Posted in Css

Using background-image to replace text

Please note: The original technique (FIR) described in the body of this article is no longer recommended for use, as it makes the hidden text completely inaccessible for certain screen readers. Instead, see one of the alternative techniques mentioned at the end of the article under “Important Notes“.

This tutorial assumes a base-level knowledge of CSS, but not much more. Beyond that, it also assumes care will be taken to use these methods fairly and responsibly with well-structured markup.


Do you still crave the typographic control of creating headlines and decorative type with images instead of pure HTML text? Even with all the options we have for styling text with CSS, sometimes there’s just nothing that beats the indulgence of opening up Adobe Photoshop, then setting type in your favorite font at just the right size, kerning, and tracking. You know if you save it as an image and place it on a webpage, anyone with an image-enabled browser will see your typographic mastery just as you intended. Right? continued

Web standards need not be ugly

Who said creating type with images was bad? I say, fooey!

As I’ve been nursing a wicked sinus infection for the past week — often flat on my back in bed, trying to get healthy again for SXSW — I haven’t been able to get much client work done. As a result, I’ve had extra time to work through a few ideas and experiments I wouldn’t have finished otherwise. The frame spacing test from earlier this week was one of them. continued

To admire, study, and critique

Two noteworthy XHTML/CSS redesigns have recently launched:

Macromedia – The good and bad wrapped into one. Good: Clean, airy, pleasing color combinations, fun imagery, classic Macromedia typography, aesthetic, and balance. Heavy use of Flash, but no excessive animation. Bad: The scary thing about this redesign is the source code of their home page (or should I say how little source code there is for their home page) and how reliant they are on one big umbrella .swf file. continued

Frame frustration

In general, I’ve avoided the use of frames in the last few years, and I usually recommend others do the same if possible. In fact, I haven’t worked on a frame-based site since we stopped updating Cocktail many years ago. They often require additional maintenance and file management. And should normally exist alongside <noframes> content for browsers lacking support for frames. continued

A new edge

Been wanting another shiny new example of tableless design that pushes CSS and web standards to their limits and doesn’t look back? Not just another personal site or weblog, but a good-size content site from a well-known company? We get a big fix with the redesign of Netscape DevEdge. Not sure how much traffic DevEdge gets, but Eric Meyer and team at Netscape deserve a lot of praise for pushing a high-profile developer-centric site to showcase advanced web standards usage. continued


The second informal gathering in San Francisco, similar to the first one we pulled together last December, is happening this week. Rather than rephrase what he’s already written, I’ll just crib Tantek Çelik’s explanation and place it here:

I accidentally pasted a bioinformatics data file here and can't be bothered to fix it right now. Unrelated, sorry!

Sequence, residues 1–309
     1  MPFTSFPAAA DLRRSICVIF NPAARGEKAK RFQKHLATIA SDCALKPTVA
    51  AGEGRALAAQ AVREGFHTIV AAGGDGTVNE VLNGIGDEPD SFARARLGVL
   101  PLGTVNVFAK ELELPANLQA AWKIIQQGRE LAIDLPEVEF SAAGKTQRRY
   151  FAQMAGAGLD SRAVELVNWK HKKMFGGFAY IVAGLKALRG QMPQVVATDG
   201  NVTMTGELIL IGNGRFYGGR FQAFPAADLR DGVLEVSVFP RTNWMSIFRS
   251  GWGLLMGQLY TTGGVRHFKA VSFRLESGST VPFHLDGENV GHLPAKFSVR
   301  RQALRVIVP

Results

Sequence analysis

Douglas Bowman [that’s me] and I [that’s Tantek] will be holding the second irregular early evening get together to chat about web stuff, semantics, structure, style this Tuesday, February 4th, from 6 to 8pm. What with the recent drama about XHTML2, nearly everyone restyling their blogs, and other recent events, there will be no shortage of topics.

Location: a friend’s house in the Mission district. Send one of us a message for details. list

Dave Winer asks:

A question for CSS design gurus. What’s the best you can do with a table that has three columns like the one on Weblogs.Com. Let’s see an example. I’d like the page to look good and load fast. Postscript: No one seems to understand — I want to do without a table. Column 1 is the number, column 2 is the name of the weblog. Column 3 is the time it last updated. Look at the page.

Hmmm. CSS design gurus. More lists. Ok, should be easy. (So I thought.) I haven’t contributed to any “markovers” yet, and this one seems like a simple enough challenge. There’s gotta be a way to do this one. Let’s take it on. continued

Go Dutch

I’ve always loved the pure design and typography from the Netherlands. Filled with a balance of beautiful form and practical function, and wonderfully obvious information hierarchy, Dutch design always evokes an emotional reaction within me. Granted, my personality slants heavily toward organization, logic, and simplicity. But I’m so often amazed at how the Dutch can seamlessly combine order of information with an individual expression unique to every design and designer. Much of my influence comes directly from Dutch design. continued

Upgrade messages

Via Clagnut a few days ago, Richard Rutter summarized some interesting observations and conclusions on the “Upgrade now!” message often seen in the unstyled version of CSS-based designs. Contrary to the current snafu with browser detection scripts over at HotBot, Wired News relies on support of specific CSS methods to hide or display any messages regarding browser capability. View Wired News in a browser such as Netscape 4.x and — as of December 18, 2002 — you’ll see this message at the top of the front door: continued